Does the Exclusivity of “Rise of the Tomb Raider” Really Matter Anymore?

Last year at Gamescom, Microsoft unleashed a bombshell of sorts: Rise of the Tomb Raider will be an Xbox One exclusive. However, as many believed that it would be a “pure” console exclusive, the wording constantly hinted at the game inevitably coming to other platforms. Lara Croft originally debuted on the PlayStation One, so it wasn’t surprising when the news dropped that Lara Croft’s new adventure would hit the PlayStation 4 holiday 2016.

Then, this past E3, Bethesda announced that Fallout 4 will drop November 10th, 2015. The big, open world adventure in Bethesda’s critically adored series is set to be hundreds of hours long with seemingly endless customization options. The post-apocalyptic will take a lot of time too, as you can easily spend months exploring all the game has to offer. It has the potential to take up everyone’s time for months. Every games media outlet (including The Game Bolt!), big and small, has been gushing over every single piece of Fallout 4-related news that has slowly trickled out. It’s reported nearly every day that this will be the definitive RPG experience, and gamers have been waiting a long seven years for the proper sequel. Why would you want to play or talk about anything else?

You know what else comes around November 10th? Star Wars: Battlefront and Rise of the Tomb Raider. While people are always going to pay attention to Star Wars-related media, Lara Croft’s adventures are just not as popular or well known in comparison.

Microsoft is publishing the game, hoping that the console exclusivity will help the Xbox One close the gap with the PlayStation 4. I feel like Rise of the Tomb Raider needed the slight breathing space that comes after Halo 5, Destiny: The Taken King, and Call of Duty: Black Ops 3, where casual gamers can look toward the action adventure as the next major release of the holiday season. But what’s stopping Fallout 4 from taking that place? The game is seven years in the making, with an epic reveal this past summer that sets to breathe life into the stagnancy the video game industry has fallen into lately. Rise of the Tomb Raider is a typical sequel, trying to make everything bigger, a little bit different, and smoother than before. Which one is going to grab everyone’s attention? Where will all the cool bundles be? While a bundle is more than likely set to accompany Lara Croft on her next outing, why wouldn’t you get that cool Fallout 4 bundle? What about that sick Halo 5 bundle? Xbox One can still sell this winter, and it will, but it will probably be due to the release of Bethesda’s open world adventure.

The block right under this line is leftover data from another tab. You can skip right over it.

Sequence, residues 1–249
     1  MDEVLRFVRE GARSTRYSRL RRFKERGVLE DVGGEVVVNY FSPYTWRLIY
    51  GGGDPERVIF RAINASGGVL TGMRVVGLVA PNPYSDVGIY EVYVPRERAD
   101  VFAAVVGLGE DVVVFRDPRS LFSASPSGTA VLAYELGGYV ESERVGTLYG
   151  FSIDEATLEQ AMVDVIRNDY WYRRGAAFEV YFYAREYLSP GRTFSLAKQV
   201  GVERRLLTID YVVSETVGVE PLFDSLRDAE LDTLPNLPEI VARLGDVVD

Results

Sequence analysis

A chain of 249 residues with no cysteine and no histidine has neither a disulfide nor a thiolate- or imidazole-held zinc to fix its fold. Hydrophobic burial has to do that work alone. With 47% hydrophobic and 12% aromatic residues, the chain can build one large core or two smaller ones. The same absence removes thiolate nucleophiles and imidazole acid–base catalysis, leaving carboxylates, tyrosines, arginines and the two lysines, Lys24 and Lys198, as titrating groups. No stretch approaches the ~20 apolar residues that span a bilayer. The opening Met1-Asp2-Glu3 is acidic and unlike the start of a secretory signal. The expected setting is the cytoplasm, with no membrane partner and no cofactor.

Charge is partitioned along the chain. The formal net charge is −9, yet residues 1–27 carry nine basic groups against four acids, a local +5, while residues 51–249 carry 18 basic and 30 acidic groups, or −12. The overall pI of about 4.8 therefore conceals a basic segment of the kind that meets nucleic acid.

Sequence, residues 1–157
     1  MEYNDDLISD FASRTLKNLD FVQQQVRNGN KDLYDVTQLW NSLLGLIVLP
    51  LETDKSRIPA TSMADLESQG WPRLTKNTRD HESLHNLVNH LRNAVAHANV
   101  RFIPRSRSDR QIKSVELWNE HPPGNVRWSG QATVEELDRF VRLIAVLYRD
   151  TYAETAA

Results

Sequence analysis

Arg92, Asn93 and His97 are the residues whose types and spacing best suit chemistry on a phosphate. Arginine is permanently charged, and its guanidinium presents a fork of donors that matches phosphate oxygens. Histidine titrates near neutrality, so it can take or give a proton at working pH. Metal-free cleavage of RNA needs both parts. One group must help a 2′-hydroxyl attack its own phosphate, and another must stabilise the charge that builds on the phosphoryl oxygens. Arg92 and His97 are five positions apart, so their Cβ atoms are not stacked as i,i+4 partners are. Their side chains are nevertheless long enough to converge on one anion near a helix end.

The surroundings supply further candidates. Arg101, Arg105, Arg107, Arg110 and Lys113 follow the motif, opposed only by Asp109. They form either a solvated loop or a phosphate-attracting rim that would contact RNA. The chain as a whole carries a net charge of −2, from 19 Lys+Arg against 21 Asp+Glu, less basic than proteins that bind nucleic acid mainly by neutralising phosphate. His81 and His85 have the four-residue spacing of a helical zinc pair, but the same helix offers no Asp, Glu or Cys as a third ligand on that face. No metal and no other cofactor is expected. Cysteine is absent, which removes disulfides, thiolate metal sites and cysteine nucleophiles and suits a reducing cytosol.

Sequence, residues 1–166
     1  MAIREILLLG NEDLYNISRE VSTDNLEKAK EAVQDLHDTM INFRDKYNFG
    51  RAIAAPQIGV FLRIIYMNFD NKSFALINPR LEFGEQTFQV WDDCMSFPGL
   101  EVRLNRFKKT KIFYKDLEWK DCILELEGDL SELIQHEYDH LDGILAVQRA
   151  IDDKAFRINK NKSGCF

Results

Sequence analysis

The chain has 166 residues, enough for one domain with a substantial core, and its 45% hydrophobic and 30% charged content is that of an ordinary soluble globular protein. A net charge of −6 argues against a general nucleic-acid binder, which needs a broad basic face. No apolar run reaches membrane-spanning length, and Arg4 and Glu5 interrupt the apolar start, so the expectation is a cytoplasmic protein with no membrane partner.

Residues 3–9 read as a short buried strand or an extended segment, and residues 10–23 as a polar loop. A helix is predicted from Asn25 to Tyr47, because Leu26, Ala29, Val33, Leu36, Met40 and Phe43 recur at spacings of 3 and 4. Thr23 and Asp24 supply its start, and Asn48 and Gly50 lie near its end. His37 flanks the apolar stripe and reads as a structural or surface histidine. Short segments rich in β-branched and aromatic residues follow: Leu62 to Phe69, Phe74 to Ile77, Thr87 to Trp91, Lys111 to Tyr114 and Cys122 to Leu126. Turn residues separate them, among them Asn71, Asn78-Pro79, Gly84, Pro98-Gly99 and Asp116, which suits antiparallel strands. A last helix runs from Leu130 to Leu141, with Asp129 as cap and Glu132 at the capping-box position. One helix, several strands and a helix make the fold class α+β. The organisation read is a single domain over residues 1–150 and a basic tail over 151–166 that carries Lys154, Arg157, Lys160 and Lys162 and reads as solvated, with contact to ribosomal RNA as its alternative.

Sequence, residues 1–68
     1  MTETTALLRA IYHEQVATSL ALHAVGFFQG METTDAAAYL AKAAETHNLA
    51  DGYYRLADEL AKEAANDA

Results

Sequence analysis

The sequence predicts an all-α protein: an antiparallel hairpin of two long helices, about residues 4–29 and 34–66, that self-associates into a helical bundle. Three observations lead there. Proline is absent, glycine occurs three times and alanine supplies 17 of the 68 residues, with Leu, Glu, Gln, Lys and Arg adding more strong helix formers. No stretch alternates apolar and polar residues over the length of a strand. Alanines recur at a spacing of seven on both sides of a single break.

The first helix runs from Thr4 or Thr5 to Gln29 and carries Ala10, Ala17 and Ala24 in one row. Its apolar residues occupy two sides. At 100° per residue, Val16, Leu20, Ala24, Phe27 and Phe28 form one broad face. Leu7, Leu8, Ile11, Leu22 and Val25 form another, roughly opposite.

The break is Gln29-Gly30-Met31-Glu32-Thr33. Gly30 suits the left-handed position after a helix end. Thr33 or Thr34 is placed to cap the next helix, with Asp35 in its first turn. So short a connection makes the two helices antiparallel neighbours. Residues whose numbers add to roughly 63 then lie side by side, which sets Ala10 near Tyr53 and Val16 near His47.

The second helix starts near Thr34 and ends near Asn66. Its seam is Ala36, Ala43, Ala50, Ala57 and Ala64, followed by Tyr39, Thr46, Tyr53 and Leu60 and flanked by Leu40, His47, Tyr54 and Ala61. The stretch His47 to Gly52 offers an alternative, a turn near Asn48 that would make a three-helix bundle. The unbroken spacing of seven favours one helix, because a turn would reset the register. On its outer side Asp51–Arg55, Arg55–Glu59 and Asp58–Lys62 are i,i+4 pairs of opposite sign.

When Fallout 3 came out last generation, in 2008, many gamers experienced two different versions of the game. The Xbox and PC owners enjoyed hundreds of hours wandering the post-nuclear war ruins of Washington, DC. PlayStation 3 owners, at the games launch, most likely drudged through a bug ridden journey that was largely due to the PS3’s internal proprietary software, which made developing games for the system difficult. While this problem has more or less been solved this current generation, I can’t help but wonder if diehard Fallout fans will gravitate toward the Xbox One version of the game, as that was the console which, for lack of a better term, worked.

What about the sales of the actual game? While the Tomb Raider reboot in 2013 made the series relevant again, it was released on March 5th, 2013, going up against MLB 13: The Show, Major League Baseball 2K13, and Naruto Shippuden: Ultimate Ninja Storm 3. All of these games have their own niche audiences and a relatively weak March helped Tomb Raider sell 3 million units. But these 3 million units were across the PC, Xbox 360, and PS3. Along with a definitive edition release on the PS4 and Xbox One, the reboot has sold a respectable 8.1 million units. Will it still sell well on one console for several months? How will it fare against other releases, such as Call of Duty and Halo?

I’m not sure if Fallout 4 will suck all of the coverage away from all of the other big games this fall, as Halo 5: Guardians and Star Wars: Battlefront look to be epic, but it feels safe to say that sales from Rise of the Tomb Raider will be affected. Maybe the game is safer releasing at least in January 2016, alongside its PC version. Time will tell if the post-apocalyptic power of Fallout and the surrounding releases end up taking the excitement out of Rise of the Tomb Raider. My personal sentiment towards the whole situation? Xbox will gain ground, as it looks like 2016 is the year they actually close the gap, but I think the Xbox One will sell because everyone will remember how much fun they had on Fallout 3 with their Xbox 360s, not because of Lara Croft’s reboot’s sequel.


Liam Crossey enjoys Twitter  for its many things to retweet, and is nearly always stressed about the U.S Men’s National Soccer Team.